Fred Hoyle: The brilliant man who lost the Big Bang debate

Hoyle’s resistance to Big Bang provoked astronomers into testing the theory of the universe

Fred Hoyle, a brilliant and controversial figure who made a number of original contributions to 20th-century physics

Fred Hoyle, a brilliant and controversial figure who made a number of original contributions to 20th-century physics

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Earlier this month, I attended a meeting at the Royal Astronomical Society in London in memory of the celebrated British astrophysicist Fred Hoyle. Hoyle was one of the best-known physicists of his generation, a brilliant and controversial figure who made a number of original contributions to 20th-century physics.

It was a great treat to hear many of his former colleagues and students recall his contributions to science, from astrophysics to nucleosynthesis and from cosmology to astrobiology. However, Hoyle will always be remembered in the public mind as the scientist who was wrong about the Big Bang.

Following the discovery that the universe is expanding on the largest scales (a phenomenon predicted by Einstein’s general theory of relativity), the Belgian physicist Georges Lemaître suggested that our universe may have started as a hot, dense fireball many billions of years ago, expanding and cooling ever since; a hypothesis later named the Big Bang.

Many physicists found Lemaître’s Big Bang universe rather far-fetched, and the theory fell to one side for some years as there was no obvious way to test it. Then, in 1948, Fred Hoyle, a young professor at Cambridge University, suggested an intriguing alternative: perhaps the expanding universe could remain unchanged over time if matter was continuously created out of empty space? This “steady-state universe” was attractive to many scientists because it did not require any speculation about cosmic origins or the behaviour of the universe in the distant past.

A serious debate arose between the steady-state and Big Bang theories during the 1950s and 1960s. The debate became rather bitter at Cambridge, when a group led by the astronomer Martin Ryle embarked on a systematic study of the galaxies using the new technique of radio astronomy. The purpose of this project was to study the distribution of the galaxies at different epochs, with the specific aim of proving that we live in an evolving Big Bang universe.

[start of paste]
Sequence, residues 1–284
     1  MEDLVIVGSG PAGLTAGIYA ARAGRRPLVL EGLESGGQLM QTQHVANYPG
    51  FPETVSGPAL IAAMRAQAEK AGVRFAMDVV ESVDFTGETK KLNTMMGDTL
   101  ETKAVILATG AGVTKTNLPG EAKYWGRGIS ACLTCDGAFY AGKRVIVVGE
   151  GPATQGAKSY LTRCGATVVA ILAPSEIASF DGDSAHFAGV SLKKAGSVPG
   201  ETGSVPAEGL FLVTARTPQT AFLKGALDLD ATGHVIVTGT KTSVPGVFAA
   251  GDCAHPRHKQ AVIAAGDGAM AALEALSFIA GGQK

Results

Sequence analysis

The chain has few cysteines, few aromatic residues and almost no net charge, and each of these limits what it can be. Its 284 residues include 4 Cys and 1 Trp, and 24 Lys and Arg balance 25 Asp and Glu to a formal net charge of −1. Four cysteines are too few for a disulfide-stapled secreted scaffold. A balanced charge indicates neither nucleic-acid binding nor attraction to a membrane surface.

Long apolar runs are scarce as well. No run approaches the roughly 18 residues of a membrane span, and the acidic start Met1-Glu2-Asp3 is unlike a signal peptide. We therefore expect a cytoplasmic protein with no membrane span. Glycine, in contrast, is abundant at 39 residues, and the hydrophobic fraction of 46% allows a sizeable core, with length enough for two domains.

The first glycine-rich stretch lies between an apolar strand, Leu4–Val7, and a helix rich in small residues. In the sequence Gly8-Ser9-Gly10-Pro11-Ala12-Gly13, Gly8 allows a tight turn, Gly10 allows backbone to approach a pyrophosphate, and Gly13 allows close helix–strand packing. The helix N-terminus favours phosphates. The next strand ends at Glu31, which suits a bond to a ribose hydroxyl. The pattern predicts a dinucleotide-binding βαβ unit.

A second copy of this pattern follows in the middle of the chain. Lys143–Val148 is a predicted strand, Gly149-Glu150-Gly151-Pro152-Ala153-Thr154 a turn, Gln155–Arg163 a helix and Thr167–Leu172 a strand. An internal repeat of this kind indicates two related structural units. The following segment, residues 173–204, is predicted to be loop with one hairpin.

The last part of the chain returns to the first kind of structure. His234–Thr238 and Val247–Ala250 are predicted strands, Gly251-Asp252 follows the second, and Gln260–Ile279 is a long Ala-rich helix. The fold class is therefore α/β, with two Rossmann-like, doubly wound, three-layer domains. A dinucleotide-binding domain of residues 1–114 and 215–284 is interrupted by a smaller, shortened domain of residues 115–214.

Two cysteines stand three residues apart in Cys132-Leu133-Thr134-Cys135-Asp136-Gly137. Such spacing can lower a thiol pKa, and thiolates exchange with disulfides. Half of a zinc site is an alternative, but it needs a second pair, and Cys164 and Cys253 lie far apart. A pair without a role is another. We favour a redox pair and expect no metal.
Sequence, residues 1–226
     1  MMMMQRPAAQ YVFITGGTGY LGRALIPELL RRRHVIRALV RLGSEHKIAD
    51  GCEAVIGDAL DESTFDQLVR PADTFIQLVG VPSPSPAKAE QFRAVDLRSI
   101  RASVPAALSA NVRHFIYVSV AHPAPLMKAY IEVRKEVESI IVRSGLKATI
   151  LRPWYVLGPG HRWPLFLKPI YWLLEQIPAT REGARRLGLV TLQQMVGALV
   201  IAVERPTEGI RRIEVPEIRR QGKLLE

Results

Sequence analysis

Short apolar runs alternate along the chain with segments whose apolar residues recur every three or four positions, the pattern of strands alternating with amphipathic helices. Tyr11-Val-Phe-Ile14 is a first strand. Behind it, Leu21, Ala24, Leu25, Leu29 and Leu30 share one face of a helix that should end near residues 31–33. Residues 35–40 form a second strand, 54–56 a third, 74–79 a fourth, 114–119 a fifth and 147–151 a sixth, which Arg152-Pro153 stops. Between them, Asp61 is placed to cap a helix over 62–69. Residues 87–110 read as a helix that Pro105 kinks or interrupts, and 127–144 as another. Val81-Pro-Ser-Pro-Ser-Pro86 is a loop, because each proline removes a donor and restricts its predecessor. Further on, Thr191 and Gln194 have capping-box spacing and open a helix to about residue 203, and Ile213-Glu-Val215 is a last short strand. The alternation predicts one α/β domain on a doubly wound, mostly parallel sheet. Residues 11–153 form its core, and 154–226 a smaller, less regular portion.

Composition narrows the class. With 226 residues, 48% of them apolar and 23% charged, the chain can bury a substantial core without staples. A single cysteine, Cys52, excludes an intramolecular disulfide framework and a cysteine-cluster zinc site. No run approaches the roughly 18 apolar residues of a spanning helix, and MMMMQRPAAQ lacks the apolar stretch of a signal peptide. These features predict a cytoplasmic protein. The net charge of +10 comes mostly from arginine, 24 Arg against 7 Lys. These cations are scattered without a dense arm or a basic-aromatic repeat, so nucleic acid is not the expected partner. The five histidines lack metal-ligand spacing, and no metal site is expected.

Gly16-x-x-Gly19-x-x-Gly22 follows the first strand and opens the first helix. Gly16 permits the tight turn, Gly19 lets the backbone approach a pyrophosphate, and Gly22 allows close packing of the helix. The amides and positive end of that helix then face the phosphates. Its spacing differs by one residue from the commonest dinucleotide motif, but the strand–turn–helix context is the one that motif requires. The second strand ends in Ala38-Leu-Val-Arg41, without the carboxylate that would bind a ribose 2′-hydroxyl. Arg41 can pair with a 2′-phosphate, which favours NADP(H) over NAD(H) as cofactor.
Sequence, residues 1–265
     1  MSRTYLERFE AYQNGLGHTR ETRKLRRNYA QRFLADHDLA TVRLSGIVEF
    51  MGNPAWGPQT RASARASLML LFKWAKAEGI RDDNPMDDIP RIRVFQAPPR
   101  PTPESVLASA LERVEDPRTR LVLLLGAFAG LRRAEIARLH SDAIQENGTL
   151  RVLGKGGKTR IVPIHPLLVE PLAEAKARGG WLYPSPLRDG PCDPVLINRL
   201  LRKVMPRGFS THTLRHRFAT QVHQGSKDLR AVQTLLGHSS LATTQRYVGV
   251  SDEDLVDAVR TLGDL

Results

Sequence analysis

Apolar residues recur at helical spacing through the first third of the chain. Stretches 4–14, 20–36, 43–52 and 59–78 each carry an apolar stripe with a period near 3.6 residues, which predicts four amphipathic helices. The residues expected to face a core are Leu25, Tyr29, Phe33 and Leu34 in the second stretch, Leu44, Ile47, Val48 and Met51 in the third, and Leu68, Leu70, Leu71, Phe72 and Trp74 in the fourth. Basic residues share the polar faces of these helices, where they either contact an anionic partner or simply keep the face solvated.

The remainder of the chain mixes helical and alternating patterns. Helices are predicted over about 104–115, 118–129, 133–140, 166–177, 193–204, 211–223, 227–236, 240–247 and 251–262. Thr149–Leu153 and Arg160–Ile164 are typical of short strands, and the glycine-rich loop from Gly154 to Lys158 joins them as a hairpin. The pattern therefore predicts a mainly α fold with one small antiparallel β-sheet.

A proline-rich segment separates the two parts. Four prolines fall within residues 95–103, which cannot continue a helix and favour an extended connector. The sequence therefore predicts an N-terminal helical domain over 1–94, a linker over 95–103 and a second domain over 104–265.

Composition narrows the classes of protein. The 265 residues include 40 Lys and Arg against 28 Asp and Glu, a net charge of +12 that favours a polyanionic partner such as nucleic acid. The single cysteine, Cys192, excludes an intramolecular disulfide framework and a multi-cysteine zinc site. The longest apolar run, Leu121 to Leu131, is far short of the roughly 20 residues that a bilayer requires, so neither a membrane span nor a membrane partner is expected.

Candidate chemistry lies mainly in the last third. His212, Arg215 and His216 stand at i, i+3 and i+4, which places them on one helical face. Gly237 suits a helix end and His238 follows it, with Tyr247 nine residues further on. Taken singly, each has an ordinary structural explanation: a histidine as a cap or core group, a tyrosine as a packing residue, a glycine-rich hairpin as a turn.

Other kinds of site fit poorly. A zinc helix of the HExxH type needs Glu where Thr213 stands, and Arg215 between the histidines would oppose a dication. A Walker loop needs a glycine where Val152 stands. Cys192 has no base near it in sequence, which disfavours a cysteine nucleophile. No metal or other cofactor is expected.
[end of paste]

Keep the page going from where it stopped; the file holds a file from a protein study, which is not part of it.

After a decade of uncertain results, the Ryle group eventually demonstrated that their observations supported the Big Bang model. Soon afterwards, their result was bolstered by an unexpected discovery by American astronomers: a universal background radiation thought to emanate from the hot infant universe (now known as the cosmic microwave background).

 

Increasingly contrived

It is fair to say that Hoyle was not pleased with the results from astronomy. He made many efforts to cast doubt on the data of the Ryle group, and suggested alternative explanations for the cosmic microwave background. Later, he proposed many modifications of his steady-state theory, but most physicists found his model increasingly contrived.

Meanwhile, astronomical evidence for a Big Bang universe continued to accumulate.

Thus, it is often said that Hoyle was wrong on the Big Bang. However, such a statement is a little unfair in the sense that the evidence against Hoyle’s theory was not available when it was first proposed. Indeed, Hoyle’s steady-state model was a reasonable hypothesis at the time, as I pointed out in my talk at the conference.

I also made the point that we now know that Einstein considered a steady-state model of the expanding universe some time before Hoyle, a little-known fact unearthed by my research group a few years ago.

Hoyle lost the Big Bang debate, and he became very isolated in his later years, having taken early retirement after a dispute with university administrators at Cambridge. However, his resistance to the Big Bang model played an important part in provoking astronomers to test the theory.

He made many other contributions to physics, notably the first successful model of the synthesis of the chemical elements in the stars (stellar nucleosynthesis). He also suggested that life on Earth might have been seeded by bacteria on comets, a suggestion that opened up an entirely new academic field known as astrobiology. But, outside of the UK, Fred Hoyle will always be remembered as the man who was wrong on the Big Bang.

  • Dr Cormac O’Raifeartaigh lectures in physics at Waterford Institute of Technology and is a fellow of the Royal Astronomical Society. He will give a public lecture, Einstein’s Universe: Relativity and the Big Bang, at the Dublin Institute for Advanced Studies on Burlington Road at 7pm on November 9th. Places must be prebooked on dias.ie
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